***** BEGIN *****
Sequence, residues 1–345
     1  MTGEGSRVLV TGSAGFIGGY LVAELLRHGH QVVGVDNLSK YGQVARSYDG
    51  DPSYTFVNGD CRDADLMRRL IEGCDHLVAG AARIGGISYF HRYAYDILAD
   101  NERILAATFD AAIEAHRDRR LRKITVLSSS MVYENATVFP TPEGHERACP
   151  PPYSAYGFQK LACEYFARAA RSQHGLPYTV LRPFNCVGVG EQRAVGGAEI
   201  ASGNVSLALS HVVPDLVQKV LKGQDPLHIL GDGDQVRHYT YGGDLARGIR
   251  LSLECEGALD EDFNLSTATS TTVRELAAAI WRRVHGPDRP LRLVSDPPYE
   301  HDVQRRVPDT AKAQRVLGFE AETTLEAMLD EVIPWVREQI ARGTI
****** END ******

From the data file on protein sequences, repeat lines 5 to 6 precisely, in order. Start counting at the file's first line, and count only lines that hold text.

   151  PPYSAYGFQK LACEYFARAA RSQHGLPYTV LRPFNCVGVG EQRAVGGAEI
   201  ASGNVSLALS HVVPDLVQKV LKGQDPLHIL GDGDQVRHYT YGGDLARGIR